May #112 : PEP on the Down Low - by Rebecca Minnich

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Table of Contents

A Model Activist

Hep Cat

The Brave Lady of Haiti

Mighty Real

Big, Bad Media Bugout


PEP on the Down Low

Quick Studies

Legal Eye

On the March!

Notes on Camp

Kentucky Fried Bigots?

POZ Picks

Hollywood to HIVers: Drop Dead


Veggie Table

Don't Run

A Peek in the Pipeline

Ducking Resistance

Quick Study

Pharm Team



Editor's Letter


Teen Jeopardy

Heavy Lifting

Most Popular Lessons

The HIV Life Cycle


Herpes Simplex Virus

Syphilis & Neurosyphilis

Treatments for Opportunistic Infections (OIs)

What is AIDS & HIV?

Hepatitis & HIV

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May 2005

PEP on the Down Low

by Rebecca Minnich

CDC OKs "mornings-after" pills for risky sex--so why won't the med establishment wake up?

In January, the feds cranked out new guidelines for offering post-exposure prophylaxis (PEP)—the emergency anti-HIV regimen for folks likely exposed to the virus within the previous 72 hours. The new recommendations expand its long-approved use (a triple combo for 28 days—hence, mornings after) for so-called occupational accidents, such as hospital needlesticks to include the far larger number of slipups by civilians—needle sharing and, especially, high-risk sex. While well-informed doctors and bold city health departments, such as San Francisco’s, have offered PEP for unsafe sex since the late ’90s, the CDC’s move is an official stamp of approval, directing medical providers to inform at-risk patients of its availability.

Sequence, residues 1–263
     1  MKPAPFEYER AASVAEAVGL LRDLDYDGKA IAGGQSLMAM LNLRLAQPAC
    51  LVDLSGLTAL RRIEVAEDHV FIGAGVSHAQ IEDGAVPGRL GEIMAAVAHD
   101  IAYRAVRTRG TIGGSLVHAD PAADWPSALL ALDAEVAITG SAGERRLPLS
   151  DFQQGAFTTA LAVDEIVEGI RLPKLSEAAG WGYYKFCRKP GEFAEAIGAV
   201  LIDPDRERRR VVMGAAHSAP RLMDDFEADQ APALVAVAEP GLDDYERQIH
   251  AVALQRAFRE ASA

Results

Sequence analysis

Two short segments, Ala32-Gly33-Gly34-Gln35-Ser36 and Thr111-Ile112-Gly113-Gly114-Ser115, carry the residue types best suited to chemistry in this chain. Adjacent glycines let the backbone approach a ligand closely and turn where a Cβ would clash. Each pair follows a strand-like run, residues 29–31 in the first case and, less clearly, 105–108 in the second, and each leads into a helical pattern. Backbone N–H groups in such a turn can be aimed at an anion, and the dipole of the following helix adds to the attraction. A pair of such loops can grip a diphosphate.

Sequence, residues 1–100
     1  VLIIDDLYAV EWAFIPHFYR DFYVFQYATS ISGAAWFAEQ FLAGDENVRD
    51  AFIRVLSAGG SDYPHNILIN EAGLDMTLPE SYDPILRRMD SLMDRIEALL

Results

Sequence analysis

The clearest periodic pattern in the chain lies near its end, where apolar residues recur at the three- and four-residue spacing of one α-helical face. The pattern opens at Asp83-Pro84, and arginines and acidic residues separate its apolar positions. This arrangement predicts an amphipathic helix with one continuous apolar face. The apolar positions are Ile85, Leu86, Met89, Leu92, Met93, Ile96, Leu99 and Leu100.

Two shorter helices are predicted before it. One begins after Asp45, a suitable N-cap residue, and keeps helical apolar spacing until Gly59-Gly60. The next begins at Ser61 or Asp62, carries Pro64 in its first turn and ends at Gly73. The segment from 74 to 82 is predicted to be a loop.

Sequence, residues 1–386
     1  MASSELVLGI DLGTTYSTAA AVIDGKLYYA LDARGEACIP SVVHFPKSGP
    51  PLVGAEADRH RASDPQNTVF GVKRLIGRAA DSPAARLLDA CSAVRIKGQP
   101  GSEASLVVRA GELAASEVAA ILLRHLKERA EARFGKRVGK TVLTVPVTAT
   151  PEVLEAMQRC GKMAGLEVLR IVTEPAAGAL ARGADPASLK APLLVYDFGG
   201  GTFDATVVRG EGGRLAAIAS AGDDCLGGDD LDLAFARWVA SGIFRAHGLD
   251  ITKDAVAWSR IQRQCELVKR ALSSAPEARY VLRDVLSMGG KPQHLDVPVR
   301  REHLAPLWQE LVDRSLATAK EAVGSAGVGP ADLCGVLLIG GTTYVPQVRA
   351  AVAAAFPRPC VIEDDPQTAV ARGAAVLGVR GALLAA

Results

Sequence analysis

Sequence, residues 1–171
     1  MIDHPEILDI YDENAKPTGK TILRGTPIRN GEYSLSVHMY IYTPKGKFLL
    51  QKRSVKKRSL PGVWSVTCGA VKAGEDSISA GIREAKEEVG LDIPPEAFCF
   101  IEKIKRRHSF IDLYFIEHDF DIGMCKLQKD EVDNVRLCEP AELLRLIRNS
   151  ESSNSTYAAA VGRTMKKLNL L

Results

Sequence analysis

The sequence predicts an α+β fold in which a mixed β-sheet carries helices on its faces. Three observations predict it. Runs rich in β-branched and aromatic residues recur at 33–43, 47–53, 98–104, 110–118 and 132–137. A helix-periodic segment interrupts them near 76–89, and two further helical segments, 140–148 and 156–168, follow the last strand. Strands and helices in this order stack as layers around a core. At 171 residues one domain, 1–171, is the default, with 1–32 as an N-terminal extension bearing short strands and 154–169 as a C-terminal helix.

“We sent a press release [announcing the guidelines] through all major medical media,” says Ronald Valdiserri, MD, CDC deputy director. But  POZ’s random sampling of top HIV facilities nationwide indicates that the CDC needs to step up its PEP PR because Valdisseri’s memo has largely gone unread, and many providers do not know a PEP pill from a pep cheer.

Beacon Clinic in Boulder, Colorado, and El Rio Community Health Center in Tucson, Arizona, offered no PEP at all. In Charleston, South Carolina, neither the top ASO nor the health department knew where to get PEP. A St. Louis HIV clinic provided PEP, but only to people who knew their partner was HIV positive. AID Atlanta, Georgia’s biggest ASO, just minutes from CDC headquarters, helpfully redirected POZ to two local hospitals, but both offered PEP only to its hospital employees. A local health department staffer had never even heard of PEP.

On the other hand, in New York City, a St. Vincent’s Hospital rep told POZ that all walk-ins can readily get PEP. A Cleveland clinic even said it offers PEP up to a week after exposure. “I wish all we had to do was issue guidelines,” Valdiserri says, “but it takes ongoing education. Providers need to take some responsibility, too.” 

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